Grief & Loss
The longer you live, the greater is your chance of suffering from a significant loss in your life. By age 70, 99 percent of Americans suffer from situational depression brought on by a significant loss in their lives. Loss of a spouse (death or divorce), a child, parent, sibling, close friend, wealth, social status, a job or career, a home or significant property, a body part, the ability to maintain a physical function (particularly comes with aging), or of a goal or vision all cause grief in individuals. When this grief is not handled appropriately, these individuals’ mental performance can suffer severely.
If an individual still suffer from emptiness, apathy, fatigue, or sadness a year after a major loss, he or she has slipped beyond grief into a major depression. It is important to take steps to overcome the situational depression before it becomes severe. Grieving individuals need to step back and analyze their thinking. The correct manner of processing loss is critical to longevity.
Accurate thoughts are essential in times of bereavement. Escaping to a fantasy land as a means of coping can actually be harmful in the long run. The individuals that do this are lying to themselves. Also dangerous are distorted thoughts, such as “I’ll never be happy again,” or “I can’t live without him.” These thoughts trigger a sense of hopelessness and self-pity, and may even lead to suicidal thoughts. This method will worsen the grief and depression.
The first stage of handling grief is shock and disbelief, but those individuals must develop an awareness of that loss. Finally, resolution needs to be made. It is important for those individuals not to linger on their sorrow, but to put it behind them. A natural grieving period may be healthy and necessary, but it is very important to work toward finding closure. There is no use in asking questions such as “What if…?” or pointing blame on themselves or others. This distracts from what you should be doing in the present. The past can’t be changed, no matter how hard one may try. The only reason to consider past mistakes, failures, or neglect is to learn from them. These irrational arguments are an obstacle to finding closure, which is a necessary stage for recovering. It is better to ask “What can I do to improve my situation now?”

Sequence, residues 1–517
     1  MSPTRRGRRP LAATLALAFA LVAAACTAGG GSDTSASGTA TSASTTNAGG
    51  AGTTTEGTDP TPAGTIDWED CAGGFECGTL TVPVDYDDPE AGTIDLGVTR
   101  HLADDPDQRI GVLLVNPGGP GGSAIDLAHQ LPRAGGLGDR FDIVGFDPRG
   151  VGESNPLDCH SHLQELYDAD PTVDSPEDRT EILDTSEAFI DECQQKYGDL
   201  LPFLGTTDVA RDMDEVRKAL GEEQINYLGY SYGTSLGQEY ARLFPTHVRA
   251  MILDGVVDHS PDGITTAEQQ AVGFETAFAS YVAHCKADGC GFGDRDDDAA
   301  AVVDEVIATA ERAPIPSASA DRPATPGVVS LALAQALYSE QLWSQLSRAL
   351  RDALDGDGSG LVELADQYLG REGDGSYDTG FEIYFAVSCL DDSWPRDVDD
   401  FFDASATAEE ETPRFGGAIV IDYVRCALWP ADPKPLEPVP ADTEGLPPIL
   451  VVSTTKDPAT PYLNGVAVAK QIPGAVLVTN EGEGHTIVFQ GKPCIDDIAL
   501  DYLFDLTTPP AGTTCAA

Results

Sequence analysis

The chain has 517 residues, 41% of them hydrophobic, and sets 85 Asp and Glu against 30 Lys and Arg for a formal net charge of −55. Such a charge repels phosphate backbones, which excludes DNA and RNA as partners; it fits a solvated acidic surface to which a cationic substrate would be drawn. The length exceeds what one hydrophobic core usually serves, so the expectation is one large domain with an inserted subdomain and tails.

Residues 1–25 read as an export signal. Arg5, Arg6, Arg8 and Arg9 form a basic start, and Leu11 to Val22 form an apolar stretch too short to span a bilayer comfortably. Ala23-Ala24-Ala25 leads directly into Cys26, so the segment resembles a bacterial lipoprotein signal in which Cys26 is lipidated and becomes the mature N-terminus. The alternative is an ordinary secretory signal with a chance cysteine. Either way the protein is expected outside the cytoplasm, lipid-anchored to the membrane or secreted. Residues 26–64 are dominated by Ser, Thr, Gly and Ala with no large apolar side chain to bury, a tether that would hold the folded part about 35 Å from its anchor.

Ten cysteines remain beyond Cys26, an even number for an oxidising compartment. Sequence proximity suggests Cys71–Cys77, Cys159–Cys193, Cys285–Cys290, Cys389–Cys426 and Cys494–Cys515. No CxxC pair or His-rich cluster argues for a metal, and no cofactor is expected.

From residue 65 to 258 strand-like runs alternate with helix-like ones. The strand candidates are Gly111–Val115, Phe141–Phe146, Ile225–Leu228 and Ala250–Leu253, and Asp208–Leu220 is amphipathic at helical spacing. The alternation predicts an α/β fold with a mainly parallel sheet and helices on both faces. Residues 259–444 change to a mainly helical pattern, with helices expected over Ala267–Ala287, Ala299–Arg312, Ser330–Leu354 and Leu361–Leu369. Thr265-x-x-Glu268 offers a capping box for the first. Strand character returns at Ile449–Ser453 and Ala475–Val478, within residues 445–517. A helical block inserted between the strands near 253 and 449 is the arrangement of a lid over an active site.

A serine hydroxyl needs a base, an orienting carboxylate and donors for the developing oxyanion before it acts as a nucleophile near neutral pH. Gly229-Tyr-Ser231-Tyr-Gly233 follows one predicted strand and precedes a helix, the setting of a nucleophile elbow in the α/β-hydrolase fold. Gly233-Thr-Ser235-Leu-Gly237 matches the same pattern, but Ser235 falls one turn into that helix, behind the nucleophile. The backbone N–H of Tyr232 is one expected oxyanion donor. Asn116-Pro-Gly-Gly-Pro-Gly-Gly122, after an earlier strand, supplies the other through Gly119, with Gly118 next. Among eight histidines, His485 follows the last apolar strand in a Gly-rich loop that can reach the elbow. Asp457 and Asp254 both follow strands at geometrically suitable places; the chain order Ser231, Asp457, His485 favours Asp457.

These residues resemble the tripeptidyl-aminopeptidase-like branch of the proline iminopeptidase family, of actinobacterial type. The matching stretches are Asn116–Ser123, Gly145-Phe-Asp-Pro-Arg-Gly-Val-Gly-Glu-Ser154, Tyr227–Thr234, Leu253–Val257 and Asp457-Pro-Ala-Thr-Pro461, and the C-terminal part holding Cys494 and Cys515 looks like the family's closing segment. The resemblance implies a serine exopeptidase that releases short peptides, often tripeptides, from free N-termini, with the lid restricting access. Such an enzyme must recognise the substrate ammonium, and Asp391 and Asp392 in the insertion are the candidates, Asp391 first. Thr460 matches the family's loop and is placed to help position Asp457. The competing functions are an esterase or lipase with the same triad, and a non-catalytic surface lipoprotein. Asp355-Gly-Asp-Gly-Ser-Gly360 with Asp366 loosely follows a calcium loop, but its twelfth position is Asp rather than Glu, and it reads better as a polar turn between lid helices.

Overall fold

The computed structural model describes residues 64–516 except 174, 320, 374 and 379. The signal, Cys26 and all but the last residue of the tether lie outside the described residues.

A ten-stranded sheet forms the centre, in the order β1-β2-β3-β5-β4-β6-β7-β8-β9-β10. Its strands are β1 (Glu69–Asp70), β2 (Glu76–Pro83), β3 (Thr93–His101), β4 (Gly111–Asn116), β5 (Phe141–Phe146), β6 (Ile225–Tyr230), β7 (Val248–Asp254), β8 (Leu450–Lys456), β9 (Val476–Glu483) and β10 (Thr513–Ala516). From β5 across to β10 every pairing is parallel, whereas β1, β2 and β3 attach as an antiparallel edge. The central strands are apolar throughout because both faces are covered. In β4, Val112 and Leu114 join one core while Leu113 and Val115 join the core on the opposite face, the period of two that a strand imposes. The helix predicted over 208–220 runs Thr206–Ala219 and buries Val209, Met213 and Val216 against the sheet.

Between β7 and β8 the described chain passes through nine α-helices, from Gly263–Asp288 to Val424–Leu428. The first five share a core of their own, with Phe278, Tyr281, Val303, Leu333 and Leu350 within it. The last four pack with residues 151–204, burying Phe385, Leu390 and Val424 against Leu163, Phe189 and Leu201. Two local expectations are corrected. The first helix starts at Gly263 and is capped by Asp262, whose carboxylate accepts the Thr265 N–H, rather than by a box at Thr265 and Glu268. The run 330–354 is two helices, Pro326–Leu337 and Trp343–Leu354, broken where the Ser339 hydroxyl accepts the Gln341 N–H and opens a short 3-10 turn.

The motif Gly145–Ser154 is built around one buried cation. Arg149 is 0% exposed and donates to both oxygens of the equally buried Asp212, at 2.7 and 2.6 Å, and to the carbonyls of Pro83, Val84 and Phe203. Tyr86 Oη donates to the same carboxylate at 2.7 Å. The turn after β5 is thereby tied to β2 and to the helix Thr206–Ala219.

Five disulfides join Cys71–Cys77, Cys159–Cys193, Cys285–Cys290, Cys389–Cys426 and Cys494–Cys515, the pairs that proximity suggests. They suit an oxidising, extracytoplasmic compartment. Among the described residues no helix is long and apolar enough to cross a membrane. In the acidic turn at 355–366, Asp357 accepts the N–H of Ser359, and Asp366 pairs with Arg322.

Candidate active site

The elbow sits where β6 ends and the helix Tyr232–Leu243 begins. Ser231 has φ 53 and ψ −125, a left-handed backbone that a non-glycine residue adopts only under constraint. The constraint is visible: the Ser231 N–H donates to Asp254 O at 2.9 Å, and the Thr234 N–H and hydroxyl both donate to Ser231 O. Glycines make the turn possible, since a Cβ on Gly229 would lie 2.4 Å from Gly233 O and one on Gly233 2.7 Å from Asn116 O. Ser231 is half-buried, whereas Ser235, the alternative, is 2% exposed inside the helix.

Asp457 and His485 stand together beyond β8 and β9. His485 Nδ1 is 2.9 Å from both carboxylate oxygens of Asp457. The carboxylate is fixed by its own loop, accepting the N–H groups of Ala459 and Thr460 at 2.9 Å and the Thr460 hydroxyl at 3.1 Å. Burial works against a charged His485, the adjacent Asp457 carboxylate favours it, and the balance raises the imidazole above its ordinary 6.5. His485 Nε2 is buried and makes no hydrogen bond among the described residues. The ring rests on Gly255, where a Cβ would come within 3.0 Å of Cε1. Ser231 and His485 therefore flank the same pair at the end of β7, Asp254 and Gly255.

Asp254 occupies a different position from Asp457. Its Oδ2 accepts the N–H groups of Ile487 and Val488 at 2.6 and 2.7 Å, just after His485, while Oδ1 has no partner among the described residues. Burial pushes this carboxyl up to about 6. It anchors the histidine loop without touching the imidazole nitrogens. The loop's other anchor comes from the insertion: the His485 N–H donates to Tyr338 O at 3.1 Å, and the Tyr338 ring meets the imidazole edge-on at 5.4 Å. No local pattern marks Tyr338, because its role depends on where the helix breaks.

Research suggests bringing closer to negative past experiences will help you to enjoy a better self-image and physical health. All who have suffered a loss should be focused on resolving current concerns. You must accept the reality of your loss. It may be helpful to work through the pain by writing a journal. It is essential to get adequate sleep, nutrition, and exercise, which is important at all times, but especially essential when handling grief. Then you should decide how to adjust to the changed environment. In order to do that, identify the roles that the individual or job that you lost has played in your life, and find out how those functions can be met in the present. If they can’t be completely met, it is important for to recognize that. You may also want to find new interests as you the old ones (that were good). It is important to maintain social ties. Develop new routines and build on current or new relationships. Grow from the loss. Reflect on what you’ve learned or gained through the loss and let life become more meaningful to you.
[Source: The Lost Art of Thinking]